Latin name

Acanthogobius flavimanus

Other names

Mahaze, Japanese river goby, oriental goby, spotted goby.


The gill covers are covered with scales at the top; the cheeks have very few scales and are very small, sometimes almost imperceptible, especially in young individuals. The throat is covered with small scales. The scales on the top of the head reach up to the eyes. The base of the flipper is covered with scales. The eyes are set high.  The collar (edge) of the venter is without lobes. Corners of mouth perpendicular to anterior edge of eye. Lips not widened to corners of mouth. Length of head 28.5-30.7% of body length. Width of flat forehead less than longitudinal diameter of eye. This species can be identified by the arrangement of pores on the head, spines and rays on the dorsal fins, and scales and papillae on the head. The yellow pelvic fins also distinguish it from related species.

Features of fish fins

The pelvic fins fuse to form a sucker. Dorsal fins two, extended to a distance less than the longitudinal diameter of the eye. The pelvic fins do not reach the anus, the pectoral fins reach the vertical of the posterior end of the first dorsal fin. 

Fish colouring

Light brown fish with darker saddles and spots. The pelvic fins are yellow. 


Northwest Pacific: Russian Far East (from the Amur to Peter the Great Bay), Korean Peninsula, Bohai Sea, Yellow Sea and East China Sea in China, Hokkaido to Kyushu in Japan. It has spread beyond its natural range (Australia, Mexico, Florida and California in the USA) where it has become an introduced and often invasive species.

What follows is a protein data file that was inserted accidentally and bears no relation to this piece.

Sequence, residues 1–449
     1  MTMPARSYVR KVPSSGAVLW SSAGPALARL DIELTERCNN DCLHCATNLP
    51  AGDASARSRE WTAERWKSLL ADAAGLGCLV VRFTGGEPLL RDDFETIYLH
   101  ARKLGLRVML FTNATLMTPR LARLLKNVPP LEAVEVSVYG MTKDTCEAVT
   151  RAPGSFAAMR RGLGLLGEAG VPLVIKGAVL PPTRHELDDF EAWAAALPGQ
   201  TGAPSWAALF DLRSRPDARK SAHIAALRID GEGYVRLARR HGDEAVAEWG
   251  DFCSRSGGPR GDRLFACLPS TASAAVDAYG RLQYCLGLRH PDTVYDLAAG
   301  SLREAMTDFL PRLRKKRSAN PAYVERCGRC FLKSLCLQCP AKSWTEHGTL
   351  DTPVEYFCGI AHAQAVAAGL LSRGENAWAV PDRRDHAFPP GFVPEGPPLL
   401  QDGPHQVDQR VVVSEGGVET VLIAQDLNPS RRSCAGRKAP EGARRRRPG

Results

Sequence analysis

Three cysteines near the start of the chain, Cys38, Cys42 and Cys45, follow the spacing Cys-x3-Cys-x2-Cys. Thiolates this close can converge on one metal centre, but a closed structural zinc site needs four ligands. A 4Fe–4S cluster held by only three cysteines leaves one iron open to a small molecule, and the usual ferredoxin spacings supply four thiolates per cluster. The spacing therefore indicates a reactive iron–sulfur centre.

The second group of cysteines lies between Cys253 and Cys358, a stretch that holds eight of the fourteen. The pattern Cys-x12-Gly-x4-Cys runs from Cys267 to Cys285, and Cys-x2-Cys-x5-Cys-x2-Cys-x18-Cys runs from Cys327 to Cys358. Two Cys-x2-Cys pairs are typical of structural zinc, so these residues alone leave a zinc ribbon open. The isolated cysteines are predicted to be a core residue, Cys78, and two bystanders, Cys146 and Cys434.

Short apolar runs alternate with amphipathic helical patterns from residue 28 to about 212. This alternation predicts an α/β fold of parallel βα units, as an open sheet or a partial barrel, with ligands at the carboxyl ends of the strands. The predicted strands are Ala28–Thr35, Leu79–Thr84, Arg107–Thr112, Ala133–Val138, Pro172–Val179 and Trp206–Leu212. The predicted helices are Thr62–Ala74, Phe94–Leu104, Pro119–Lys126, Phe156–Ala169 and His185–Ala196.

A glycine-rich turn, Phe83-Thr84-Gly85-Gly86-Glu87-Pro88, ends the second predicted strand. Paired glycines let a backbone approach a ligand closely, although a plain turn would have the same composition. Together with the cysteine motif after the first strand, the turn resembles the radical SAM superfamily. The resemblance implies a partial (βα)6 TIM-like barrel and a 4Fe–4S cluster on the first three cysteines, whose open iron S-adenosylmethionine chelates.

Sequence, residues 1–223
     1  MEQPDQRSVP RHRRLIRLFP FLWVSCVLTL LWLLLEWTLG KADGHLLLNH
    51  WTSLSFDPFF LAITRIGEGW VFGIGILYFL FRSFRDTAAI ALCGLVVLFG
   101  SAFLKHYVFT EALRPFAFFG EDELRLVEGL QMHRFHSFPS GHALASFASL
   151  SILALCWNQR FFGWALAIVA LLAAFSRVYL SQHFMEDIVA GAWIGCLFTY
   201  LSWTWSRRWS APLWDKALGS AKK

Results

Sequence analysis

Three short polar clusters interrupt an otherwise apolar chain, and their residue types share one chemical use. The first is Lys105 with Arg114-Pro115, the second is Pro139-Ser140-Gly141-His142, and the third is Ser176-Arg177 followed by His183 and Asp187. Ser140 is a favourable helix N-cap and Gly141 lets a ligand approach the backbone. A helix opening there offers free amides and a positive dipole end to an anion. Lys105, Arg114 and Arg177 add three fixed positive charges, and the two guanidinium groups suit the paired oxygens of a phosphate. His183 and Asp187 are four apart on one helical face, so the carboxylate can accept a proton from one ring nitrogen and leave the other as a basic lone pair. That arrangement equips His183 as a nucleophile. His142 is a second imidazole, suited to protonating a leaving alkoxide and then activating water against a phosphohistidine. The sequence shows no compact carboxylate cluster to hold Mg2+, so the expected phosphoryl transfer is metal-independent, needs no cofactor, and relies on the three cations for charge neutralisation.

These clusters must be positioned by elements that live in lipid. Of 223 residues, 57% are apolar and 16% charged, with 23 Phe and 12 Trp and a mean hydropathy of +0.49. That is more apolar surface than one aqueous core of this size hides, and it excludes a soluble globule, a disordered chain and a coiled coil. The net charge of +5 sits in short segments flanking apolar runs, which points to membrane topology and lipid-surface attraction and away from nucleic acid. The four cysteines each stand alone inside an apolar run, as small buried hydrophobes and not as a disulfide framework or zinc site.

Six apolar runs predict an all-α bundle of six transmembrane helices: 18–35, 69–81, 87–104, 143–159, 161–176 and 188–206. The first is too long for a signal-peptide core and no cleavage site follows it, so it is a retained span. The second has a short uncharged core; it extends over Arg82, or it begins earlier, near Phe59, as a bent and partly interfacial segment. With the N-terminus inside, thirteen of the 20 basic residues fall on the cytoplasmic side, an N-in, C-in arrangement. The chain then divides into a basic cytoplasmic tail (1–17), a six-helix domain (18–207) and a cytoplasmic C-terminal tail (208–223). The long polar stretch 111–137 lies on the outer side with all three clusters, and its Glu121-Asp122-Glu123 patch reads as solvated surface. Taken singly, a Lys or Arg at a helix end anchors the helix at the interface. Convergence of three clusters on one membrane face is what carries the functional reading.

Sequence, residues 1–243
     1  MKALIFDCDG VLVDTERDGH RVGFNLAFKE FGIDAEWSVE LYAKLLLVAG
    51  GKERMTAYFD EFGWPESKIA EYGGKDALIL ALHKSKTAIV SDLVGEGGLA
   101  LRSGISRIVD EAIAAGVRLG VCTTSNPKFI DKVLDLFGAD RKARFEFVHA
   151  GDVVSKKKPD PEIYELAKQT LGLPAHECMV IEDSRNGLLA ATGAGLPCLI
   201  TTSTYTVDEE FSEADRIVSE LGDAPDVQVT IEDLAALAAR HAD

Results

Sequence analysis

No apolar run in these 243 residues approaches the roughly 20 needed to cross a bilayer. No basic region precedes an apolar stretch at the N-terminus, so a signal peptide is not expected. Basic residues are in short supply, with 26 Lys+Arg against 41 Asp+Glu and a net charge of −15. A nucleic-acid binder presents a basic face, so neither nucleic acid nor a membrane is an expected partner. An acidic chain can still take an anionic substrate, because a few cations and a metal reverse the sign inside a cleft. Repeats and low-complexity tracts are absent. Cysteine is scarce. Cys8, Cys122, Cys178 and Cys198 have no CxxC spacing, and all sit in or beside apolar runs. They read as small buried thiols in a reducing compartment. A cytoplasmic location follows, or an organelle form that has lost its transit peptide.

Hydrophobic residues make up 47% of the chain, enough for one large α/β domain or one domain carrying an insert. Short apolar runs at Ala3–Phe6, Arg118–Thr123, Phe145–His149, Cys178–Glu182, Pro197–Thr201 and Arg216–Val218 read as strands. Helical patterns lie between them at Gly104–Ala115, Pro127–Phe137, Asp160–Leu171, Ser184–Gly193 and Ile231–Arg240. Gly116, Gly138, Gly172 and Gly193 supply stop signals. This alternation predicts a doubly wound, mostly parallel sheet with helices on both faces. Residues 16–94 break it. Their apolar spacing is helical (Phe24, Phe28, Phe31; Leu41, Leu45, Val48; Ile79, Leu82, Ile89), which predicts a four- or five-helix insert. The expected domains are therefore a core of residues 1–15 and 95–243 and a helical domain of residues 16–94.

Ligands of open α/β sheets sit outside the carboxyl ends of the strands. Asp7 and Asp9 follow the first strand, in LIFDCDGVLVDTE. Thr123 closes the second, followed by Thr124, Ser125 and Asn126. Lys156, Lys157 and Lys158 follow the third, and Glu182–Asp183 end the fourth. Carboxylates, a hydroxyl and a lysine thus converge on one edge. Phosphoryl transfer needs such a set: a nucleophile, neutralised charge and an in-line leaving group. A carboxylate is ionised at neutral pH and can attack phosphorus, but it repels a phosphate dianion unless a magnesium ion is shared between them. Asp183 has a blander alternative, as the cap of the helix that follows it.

Marine, freshwater, brackish, amphidromous species, depth range 1 to 6 m. Ground dweller, lives on muddy or sandy substrates. It tolerates fresh and salt water well and rapid movement between the two. It can live in a wide variety of aquatic habitats. Adults can spend their entire lives in fresh water, while larvae usually develop in salt water.


Reaches 25-30 centimetres in length. Normal length is 14.5 centimetres.


This fish spends most of the year in rivers and streams. In winter it moves down to saltier areas such as bays and estuaries, where it breeds. 

Food and feeding habits

The diet includes many species of small organisms such as copepods, amphipods, mantis shrimp, mysids, small fish and polychaetes. It is also known to feed on fly larvae, bivalves such as Corbicula fluminea, ostracods and various types of detritus.


Spawning takes place at temperatures between 7°C and 13°C. Females can lay up to 37,000 eggs. Each egg is about 5.5 millimetres long. The eggs are laid in a nest, a burrow up to 35 centimetres deep built by the male. The nest can be guarded by both males and females. Under optimal conditions, the young hatch in about 28 days. They usually live up to 3 years, but some individuals may live longer.


Anglers using goby as bait. 

Relationship with a person

It is a pest fish. For example, it is illegal to sell or keep it in the Australian state of New South Wales. It is sometimes kept in aquariums as an ornamental fish. It is used in Chinese medicine.

Phylum Chordata
Class Actinopterygii
Squad Gobiiformes
Family Oxudercidae
Genus Acanthogobius
Species A. flavimanus
Conservation status Least Concern
Habitat Bottom
Life span, years No information
Maximum body weight, kg No information
Maximum length, cm 30
Sailing speed, m/s 3
Threat to people Not edible
Way of eating Predator

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Yellowfin goby

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